Finding the right accelerator programme for your start-up

Finding the right accelerator programme for your start-up

By Mischa Dohler, CTO, Worldsensing

While there are many accelerator programmes and boot camps available to small businesses like ours, the practical benefits for entrepreneurs can vary dramatically – as does the opportunity to attract funding from business angels and investors. Businesses need to consider some important areas when assessing a mentoring or accelerator event:

First, ask if the event has commercial focus. Although there are lots of boot camps where experts and journalists attend and positive coverage often follows, many of these sessions don’t focus on whether the start-ups have a viable idea or a product that customers really want. The best events are far more engaging and constructive: not only do the experts know what they are talking about, they also want the start-ups to succeed. Well-organised one-to-one sessions provide clear feedback and mentoring to help your firm transform its ideas or fine tune the business model – in our experience, in a matter of hours.

When we attended IBM SmartCamp in London, we presented our idea to 20-30 experts in the morning. The hard feedback in the interim made us reshape our vision: one academic even told us that our product, the Fast Prk city park ing application, wouldn’t work. Our final pitch, in front of 100 or more mentors, commercial executives and journalists, was well received and we won outright.

This no-nonsense approach makes you focus on what customer want to buy. Our FastPrk product uses sensors in the field to notify the driver where best to park – it not only saves drivers’ time but also helps city governments and shopping malls design smarter cities that are more efficient and more pleasant to visit.

Second, be realistic and honest when talking to potential investors and business angels. Investors don’t want exaggerated numbers; they are already very good at doing risk calculations. They also like to see and ‘feel’ your enthusiasm for your business. Potential investors want to see how you will hit the numbers – they instinctively recognise the type of person that will succeed and those that may struggle a little more.

Honesty means accepting that, though many start-ups are founded by technology people with great ideas, it’s the customers that buy the product. If people don’t want to buy it, you have to change the product or the way it’s sold – however much you like it or whatever you devoted to it in the past. We eventually gained financial backing from a fund which is the investment arm of a global construction group which saw the need for the different sensors used in our FastPrk product.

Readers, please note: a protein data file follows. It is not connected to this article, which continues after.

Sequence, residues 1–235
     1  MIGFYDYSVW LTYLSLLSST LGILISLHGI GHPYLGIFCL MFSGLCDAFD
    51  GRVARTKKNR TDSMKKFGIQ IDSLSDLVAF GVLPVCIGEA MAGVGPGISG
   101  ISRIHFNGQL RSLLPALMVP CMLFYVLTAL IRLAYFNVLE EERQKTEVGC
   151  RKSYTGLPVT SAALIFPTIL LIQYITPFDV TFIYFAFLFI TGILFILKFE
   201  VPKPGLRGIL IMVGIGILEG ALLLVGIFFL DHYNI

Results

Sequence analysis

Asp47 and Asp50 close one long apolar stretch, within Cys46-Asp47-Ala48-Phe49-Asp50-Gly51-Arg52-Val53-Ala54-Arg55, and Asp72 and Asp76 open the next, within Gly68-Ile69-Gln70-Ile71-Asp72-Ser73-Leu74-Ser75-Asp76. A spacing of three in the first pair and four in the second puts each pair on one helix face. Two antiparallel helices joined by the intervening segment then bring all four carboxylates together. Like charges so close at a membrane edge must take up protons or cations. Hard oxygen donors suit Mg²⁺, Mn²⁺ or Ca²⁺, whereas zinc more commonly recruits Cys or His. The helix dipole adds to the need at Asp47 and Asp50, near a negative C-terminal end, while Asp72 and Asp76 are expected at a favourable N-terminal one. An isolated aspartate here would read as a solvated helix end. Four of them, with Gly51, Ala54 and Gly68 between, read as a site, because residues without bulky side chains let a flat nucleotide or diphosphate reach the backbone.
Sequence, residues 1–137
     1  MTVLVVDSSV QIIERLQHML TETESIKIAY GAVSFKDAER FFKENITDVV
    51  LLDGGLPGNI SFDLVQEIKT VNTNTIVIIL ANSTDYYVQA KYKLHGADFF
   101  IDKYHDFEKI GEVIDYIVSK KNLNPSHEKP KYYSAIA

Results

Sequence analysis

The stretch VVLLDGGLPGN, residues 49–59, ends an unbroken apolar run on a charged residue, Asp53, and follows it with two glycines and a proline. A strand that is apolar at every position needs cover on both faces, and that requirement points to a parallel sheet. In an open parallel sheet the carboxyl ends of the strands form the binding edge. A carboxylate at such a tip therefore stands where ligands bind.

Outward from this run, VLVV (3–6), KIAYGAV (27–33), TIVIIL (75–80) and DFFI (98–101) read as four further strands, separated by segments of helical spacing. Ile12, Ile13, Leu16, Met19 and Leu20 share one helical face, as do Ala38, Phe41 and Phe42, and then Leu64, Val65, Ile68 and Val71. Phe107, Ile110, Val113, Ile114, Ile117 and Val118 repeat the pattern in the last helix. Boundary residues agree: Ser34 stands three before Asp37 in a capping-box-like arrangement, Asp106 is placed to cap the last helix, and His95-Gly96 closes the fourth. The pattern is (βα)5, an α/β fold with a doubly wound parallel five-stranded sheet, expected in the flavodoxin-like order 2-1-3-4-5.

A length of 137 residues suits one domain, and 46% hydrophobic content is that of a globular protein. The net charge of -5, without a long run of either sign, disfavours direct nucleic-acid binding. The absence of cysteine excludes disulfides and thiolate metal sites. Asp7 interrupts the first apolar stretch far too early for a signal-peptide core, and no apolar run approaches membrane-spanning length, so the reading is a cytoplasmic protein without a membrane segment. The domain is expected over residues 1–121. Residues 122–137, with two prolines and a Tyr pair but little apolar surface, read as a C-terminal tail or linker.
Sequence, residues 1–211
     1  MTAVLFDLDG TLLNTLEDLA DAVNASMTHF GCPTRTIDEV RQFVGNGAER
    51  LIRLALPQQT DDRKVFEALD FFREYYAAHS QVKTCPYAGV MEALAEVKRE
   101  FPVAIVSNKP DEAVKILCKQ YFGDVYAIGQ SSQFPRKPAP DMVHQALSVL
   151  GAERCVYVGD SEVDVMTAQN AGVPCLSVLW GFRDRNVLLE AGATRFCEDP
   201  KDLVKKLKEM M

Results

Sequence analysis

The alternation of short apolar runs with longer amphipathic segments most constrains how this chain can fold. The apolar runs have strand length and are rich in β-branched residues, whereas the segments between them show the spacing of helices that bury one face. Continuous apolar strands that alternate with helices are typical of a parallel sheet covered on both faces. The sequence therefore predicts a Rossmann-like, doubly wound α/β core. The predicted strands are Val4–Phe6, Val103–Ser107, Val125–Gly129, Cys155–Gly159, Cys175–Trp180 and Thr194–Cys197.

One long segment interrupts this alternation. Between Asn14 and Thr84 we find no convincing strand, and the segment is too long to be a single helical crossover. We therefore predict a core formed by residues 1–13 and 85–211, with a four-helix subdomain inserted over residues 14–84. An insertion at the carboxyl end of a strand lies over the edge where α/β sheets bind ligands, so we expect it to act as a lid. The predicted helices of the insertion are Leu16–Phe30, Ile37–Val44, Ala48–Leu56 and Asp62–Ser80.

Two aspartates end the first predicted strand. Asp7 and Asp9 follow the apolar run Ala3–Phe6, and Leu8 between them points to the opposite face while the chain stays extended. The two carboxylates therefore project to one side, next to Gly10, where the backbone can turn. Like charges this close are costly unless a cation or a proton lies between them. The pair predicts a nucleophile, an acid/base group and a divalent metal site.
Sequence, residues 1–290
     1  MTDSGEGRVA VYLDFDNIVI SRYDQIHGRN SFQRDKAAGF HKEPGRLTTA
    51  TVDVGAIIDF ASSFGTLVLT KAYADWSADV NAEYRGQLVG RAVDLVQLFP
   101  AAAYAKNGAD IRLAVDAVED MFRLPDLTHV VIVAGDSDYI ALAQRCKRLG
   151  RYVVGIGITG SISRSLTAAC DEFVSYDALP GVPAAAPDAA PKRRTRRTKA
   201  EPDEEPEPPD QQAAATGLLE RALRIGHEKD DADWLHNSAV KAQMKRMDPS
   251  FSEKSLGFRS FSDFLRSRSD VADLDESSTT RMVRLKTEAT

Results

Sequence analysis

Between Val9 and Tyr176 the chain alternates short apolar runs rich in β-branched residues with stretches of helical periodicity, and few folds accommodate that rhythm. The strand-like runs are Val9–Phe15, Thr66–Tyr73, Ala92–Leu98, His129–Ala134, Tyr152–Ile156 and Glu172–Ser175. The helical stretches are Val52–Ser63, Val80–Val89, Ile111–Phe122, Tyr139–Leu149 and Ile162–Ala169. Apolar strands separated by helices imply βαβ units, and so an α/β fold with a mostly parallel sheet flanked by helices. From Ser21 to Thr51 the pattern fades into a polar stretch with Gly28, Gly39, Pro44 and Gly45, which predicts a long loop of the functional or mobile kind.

Third, take a look at what opportunities the sponsors’ and mentors’ wider networks could open up for you. After the SmartCamp finals, our company maintained relationships with IBM’s global teams. It was beneficial to be able to talk to the technology people and visit their Innovation Centres. We collaborated with sales people that really understood different clients’ needs; when we were talking to a large customer or city council, we would even co-sell with IBM since they were naturally well equipped to work with that size of organisation.

When you look at a technology accelerator, find out if the event has a true commercial focus, be honest about your business goals with mentors and investors and consider the networks and introductions that the programme sponsor can provide.

IBM SmartCamp KickStart London takes place on October 5; entry is open until September 14. Details at:

About Worldsensing
World sensing grew into a serious market player after winning the 2010 London heat of IBM SmartCamp, a global technology accelerator programme; its FastPrk software application helps motorists to park more quickly in congested cities.

About Smarter Cities Start Summit and IBM SmartCampKickStart in London
IBM’s Smarter Cities Start Summits taking place this year specifically target the goal of more sustainable living for many of our global cities. The London event on Oct ober 3 will debate the issues and then create action plans to help five cities achieve it.

To support the technology innovations that will contribute to the smarter cities agenda, the company is running parallel IBM SmartCamps, an annual technology accelerator programme for early stage firms world-wide. This year, the company has added a KickStart event in London on October 5 aimed at UK start-ups interested in building more intelligent local infrastructures for more sustainable life choices.


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